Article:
How China’s Zero-Covid Policy Affects Automakers

Just as car factories hit by a Covid shutdown in Shanghai are beginning to reopen, the ripple effect of wider restrictions in China is beginning to hamper car production elsewhere.

Renault announced on Tuesday that it had temporarily halted production of Mégane E-Tech at its Douai plant in northern France, citing the “semiconductor crisis accentuated by containment measures in several regions of China”, according to Reuters .

Renault’s actions are a reminder that the automotive supply chain, especially when it comes to electric vehicles, still depends on Chinese OEMs. It means the country’s vastly different method of dealing with the Covid threat – lockdowns to stop the spread rather than relying on mass vaccination – is having a delayed effect on production elsewhere, as suppliers are forced to suspend production. production.

Companies fear that the factory closures that have affected Tesla and the Volkswagen Group in Shanghai will spread due to a lack of parts. “If companies in the supply chain cannot find a way to resume operations and production, it is likely that all Chinese OEMs will have to suspend production in May,” the electric vehicle maker’s CEO said. Xpeng, He Xiaopeng, on his personal social media accounts last week. .

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Parts supply, meanwhile, is being hampered by logistical disruptions as truck drivers undergo strict Covid tests and ships struggle to load and unload at affected ports.

The Chinese government is trying to find a way to allow key industries such as auto and semiconductor makers to restart production, even as restrictions continue. The government said it had “whitelisted” more than 600 businesses it had targeted for early reopening. Of these, 251 were from the automotive industry, including VW, its partner and owner of MG, SAIC Motor, and Tesla.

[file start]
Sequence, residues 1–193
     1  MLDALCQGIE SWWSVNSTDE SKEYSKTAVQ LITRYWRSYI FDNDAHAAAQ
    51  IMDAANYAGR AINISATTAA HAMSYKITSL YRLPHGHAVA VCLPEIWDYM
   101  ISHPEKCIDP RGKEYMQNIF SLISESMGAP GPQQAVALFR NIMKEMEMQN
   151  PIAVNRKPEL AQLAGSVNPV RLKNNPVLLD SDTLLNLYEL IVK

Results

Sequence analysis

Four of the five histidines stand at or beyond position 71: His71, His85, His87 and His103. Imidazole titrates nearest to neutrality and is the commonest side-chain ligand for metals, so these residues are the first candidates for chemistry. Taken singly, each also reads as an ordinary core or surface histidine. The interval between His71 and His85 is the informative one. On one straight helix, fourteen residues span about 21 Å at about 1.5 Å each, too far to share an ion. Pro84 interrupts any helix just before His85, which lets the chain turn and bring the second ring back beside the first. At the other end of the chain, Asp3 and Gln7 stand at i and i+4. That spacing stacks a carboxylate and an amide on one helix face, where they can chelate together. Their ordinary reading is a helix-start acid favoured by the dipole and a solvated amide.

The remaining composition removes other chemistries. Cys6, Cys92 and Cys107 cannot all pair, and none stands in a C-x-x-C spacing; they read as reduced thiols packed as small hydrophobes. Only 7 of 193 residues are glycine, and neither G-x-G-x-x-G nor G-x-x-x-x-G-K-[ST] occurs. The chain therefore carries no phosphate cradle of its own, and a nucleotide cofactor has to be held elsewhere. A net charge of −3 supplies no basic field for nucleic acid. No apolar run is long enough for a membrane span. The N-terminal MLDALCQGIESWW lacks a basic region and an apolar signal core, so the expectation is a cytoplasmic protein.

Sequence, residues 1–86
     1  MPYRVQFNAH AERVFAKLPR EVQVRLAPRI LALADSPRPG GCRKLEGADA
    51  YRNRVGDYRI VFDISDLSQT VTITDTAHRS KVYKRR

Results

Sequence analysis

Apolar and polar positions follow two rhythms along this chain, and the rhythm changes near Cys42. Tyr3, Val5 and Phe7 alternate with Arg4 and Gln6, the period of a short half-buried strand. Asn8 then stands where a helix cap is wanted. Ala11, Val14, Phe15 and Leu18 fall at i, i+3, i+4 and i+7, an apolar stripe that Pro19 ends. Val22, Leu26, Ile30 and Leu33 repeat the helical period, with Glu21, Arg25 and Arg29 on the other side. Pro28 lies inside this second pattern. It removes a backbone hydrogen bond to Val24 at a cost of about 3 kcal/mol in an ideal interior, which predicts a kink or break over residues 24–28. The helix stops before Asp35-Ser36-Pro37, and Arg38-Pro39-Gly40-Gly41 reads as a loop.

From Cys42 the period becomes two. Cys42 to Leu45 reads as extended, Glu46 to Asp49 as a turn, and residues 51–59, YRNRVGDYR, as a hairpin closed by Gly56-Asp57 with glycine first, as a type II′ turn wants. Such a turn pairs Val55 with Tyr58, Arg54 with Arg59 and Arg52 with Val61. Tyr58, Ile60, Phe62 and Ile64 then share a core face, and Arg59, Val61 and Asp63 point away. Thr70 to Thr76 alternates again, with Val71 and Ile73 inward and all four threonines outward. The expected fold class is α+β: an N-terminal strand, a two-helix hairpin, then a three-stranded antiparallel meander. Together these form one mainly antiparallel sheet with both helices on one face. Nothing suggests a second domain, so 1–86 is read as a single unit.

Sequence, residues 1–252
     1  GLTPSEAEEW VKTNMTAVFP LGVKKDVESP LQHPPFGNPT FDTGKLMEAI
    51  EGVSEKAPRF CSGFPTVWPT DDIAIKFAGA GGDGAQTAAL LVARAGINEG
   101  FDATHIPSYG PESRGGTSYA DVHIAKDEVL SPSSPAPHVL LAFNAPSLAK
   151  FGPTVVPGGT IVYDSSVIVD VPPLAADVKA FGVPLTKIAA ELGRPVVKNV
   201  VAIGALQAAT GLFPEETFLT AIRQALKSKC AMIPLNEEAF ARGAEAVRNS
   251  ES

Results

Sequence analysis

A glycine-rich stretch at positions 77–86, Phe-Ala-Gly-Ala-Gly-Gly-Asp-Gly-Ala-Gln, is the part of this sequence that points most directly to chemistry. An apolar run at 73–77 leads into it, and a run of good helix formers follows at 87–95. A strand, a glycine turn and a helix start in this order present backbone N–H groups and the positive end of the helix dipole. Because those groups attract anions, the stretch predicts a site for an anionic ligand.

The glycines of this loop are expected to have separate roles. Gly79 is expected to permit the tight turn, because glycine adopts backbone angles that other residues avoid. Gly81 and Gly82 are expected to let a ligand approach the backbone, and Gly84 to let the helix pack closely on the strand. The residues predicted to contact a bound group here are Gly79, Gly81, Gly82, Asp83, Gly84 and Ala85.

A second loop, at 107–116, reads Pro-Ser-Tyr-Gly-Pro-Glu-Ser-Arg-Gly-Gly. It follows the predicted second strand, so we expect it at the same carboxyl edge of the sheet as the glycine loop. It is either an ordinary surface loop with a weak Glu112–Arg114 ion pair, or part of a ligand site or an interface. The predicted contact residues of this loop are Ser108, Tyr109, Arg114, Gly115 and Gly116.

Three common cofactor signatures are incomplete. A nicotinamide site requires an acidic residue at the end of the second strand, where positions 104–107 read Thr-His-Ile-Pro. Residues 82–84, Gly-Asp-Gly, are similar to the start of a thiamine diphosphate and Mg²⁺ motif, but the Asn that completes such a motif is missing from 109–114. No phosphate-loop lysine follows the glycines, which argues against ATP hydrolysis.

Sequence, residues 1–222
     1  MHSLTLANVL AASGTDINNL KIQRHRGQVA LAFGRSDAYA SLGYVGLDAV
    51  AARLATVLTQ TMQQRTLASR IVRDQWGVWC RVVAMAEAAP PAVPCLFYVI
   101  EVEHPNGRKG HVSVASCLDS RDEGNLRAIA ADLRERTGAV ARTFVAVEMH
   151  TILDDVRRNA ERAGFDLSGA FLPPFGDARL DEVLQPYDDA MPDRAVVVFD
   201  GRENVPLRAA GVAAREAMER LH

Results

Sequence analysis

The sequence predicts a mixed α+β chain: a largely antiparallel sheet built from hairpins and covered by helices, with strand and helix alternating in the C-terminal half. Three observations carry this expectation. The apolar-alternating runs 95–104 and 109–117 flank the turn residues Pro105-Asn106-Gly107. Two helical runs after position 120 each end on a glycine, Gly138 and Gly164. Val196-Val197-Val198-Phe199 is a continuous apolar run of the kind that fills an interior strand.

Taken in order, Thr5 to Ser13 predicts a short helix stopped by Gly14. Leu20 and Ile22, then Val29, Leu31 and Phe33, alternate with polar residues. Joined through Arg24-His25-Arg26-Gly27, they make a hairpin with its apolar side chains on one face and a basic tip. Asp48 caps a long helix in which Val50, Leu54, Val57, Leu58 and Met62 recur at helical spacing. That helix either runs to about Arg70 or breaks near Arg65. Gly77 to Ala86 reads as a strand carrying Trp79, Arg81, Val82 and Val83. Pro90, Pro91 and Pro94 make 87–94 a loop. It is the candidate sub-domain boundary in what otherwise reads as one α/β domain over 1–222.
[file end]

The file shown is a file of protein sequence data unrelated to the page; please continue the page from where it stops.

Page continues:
Tesla’s Shanghai factory, which currently supplies much of Europe with the California brand’s Model 3 and Model Y cars, reopened on Tuesday. Tesla had initially tried to operate a “closed-loop” system in which employees were tested and allowed to sleep on site, but that proved unworkable, according to reports.

The shutdowns have hit car sales in China, with March numbers down slightly from March 2021, halting a surge in demand in January and February. Car showrooms were closed in Shanghai from April 1, while across China dealerships in 25 of 90 cities were forced to close in March, according to data from the China Passenger Car Association.

Porsche said China Covid measures contributed to a decline in first-quarter sales, down 5% year-on-year, as well as its loss of cars in the sinking of the freighter in February.

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